Archaeologists excavating the famous ancient Greek shipwreck that yielded the Antikythera mechanism have recovered more than 50 items including a bronze armrest (possibly part of a throne), remains of a bone flute, fine glassware, luxury ceramics, a pawn from an ancient board game, and several elements of the ship itself.     “This shipwreck is…

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Associated Industries of Massachusetts Honors WHOI

Associated Industries of Massachusetts (AIM) will honor the Woods Hole Oceanographic Institution (WHOI) for contributions to the Massachusetts economy at an event Monday in Foxboro marking AIM’s centennial. AIM will present its 100th anniversary Next Century award to WHOI, the world’s largest, private non-profit oceanographic research institution and a global leader in the study and…

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Climate Change Will Irreversibly Force Key Ocean Bacteria into Overdrive

A new study from University of Southern California and Woods Hole Oceanographic Institution (WHOI) shows that changing conditions due to climate change could send Tricho into overdrive with no way to stop – reproducing faster and generating lots more nitrogen. Without the ability to slow down, however, Tricho has the potential to gobble up all…

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Evidence of Ancient Life Discovered in Mantle Rocks Deep Below the Seafloor

Ancient rocks harbored microbial life deep below the seafloor, reports a team of scientists from the Woods Hole Oceanographic Institution (WHOI), Virginia Tech, and the University of Bremen. This new evidence was contained in drilled rock samples of Earth’s mantle – thrust by tectonic forces to the seafloor during the Early Cretaceous period. The new…

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WHOI, NEAQ Embark on Expedition to the Phoenix Islands

A research team led by the New England Aquarium (NEAQ) and Woods Hole Oceanographic Institution (WHOI) are heading out on a 6,000-mile expedition to one of the most remote places on Earth—the Phoenix Islands in the central Pacific Ocean. Throughout the month of September and in the midst of a strengthening Pacific El Nino, researchers…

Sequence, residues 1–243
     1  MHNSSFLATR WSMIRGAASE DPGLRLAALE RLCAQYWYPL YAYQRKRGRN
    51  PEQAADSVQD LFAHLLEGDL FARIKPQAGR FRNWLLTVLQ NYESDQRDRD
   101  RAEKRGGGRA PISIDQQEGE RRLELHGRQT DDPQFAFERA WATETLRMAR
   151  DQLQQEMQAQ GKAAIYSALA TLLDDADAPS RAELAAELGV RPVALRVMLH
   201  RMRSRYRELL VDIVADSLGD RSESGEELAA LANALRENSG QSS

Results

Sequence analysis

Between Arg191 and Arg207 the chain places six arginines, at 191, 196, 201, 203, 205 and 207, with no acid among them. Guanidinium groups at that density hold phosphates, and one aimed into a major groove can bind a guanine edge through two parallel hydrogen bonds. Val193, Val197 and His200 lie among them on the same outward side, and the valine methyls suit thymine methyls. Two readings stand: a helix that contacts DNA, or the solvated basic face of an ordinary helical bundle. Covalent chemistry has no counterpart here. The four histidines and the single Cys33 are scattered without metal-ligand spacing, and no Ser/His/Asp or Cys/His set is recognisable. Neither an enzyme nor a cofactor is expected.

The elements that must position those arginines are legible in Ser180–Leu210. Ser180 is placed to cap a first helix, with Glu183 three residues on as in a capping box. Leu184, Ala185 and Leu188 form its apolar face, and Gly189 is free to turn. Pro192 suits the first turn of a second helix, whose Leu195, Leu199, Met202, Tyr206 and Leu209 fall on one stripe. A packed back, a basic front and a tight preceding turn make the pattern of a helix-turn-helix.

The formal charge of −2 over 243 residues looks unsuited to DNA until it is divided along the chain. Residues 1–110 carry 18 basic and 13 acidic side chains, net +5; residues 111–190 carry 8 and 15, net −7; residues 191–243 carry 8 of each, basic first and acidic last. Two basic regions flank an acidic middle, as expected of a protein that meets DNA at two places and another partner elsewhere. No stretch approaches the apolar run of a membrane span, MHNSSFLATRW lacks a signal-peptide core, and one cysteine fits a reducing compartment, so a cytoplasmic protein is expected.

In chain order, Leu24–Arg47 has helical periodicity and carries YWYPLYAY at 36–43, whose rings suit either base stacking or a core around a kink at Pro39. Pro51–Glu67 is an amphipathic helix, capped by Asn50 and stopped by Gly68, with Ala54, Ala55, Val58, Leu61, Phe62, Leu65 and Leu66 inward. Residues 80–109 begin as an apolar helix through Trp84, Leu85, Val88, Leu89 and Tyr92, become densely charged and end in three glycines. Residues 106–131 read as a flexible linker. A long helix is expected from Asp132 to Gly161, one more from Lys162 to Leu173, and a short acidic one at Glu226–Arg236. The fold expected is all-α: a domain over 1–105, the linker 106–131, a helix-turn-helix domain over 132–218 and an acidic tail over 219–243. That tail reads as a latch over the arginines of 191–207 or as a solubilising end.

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Examining the Fate of Fukushima Contaminants

An international research team reports results of a three-year study of sediment samples collected offshore from the Fukushima Daiichi Nuclear Power Plant in a new paper published August 18, 2015, in the American Chemical Society’s journal, Environmental Science and Technology. The research aids in understanding what happens to Fukushima contaminants after they are buried on…

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New AUV Plankton Sampling System Deployed

Traditionally, pumps and nets are used for sampling plankton, which require sampling at predetermined stations or towing nets behind a ship, followed by visually sorting collected organisms into taxonomic groups. Samples generally combine organisms collected throughout horizontal or vertical tracks, making it impossible to detect small gradations or species-specific patterns in larval distribution.  The sampling…

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Heat Release from Stagnant Deep Sea Helped End Last Ice Age

The build-up and subsequent release of warm, stagnant water from the deep Arctic Ocean and Nordic Seas played a role in ending the last Ice Age within the Arctic region, according to new research led by an international team of scientists. The study, published today in Science, examines how the circulation of the combined Arctic…

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Ultrasounds for Coral Reefs?

In a study, published Aug. 6, 2015 in Marine Ecology Progress Series, scientists at Woods Hole Oceanographic Institution (WHOI) used low-cost autonomous underwater recorders over four months to collect “soundscapes” of reefs in in the U.S. Virgin Islands. They showed how the collective sound recordings of reef inhabitants painted vivid pictures of the reefs’ abundance…

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River Buries Permafrost Carbon at Sea

As temperatures rise, some of the carbon dioxide stored in Arctic permafrost meets an unexpected fate—burial at sea. As many as 2.2 million metric tons of carbon dioxide (CO2) per year are swept along by a single river system into Arctic Ocean sediment, according to a new study led by Woods Hole Oceanographic Institution (WHOI)…

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Shifting Winds, Ocean Currents Doubled Endangered Galapagos Penguin Population

New research suggests shifts in wind currents over the past three decades, possibly due to climate change and natural variability, have nudged the Equatorial Undercurrent north. The changing current expanded the nutrient-rich, cold water farther north along the coasts of the two islands, likely bolstering algae and fish numbers in the cold pool. This allowed…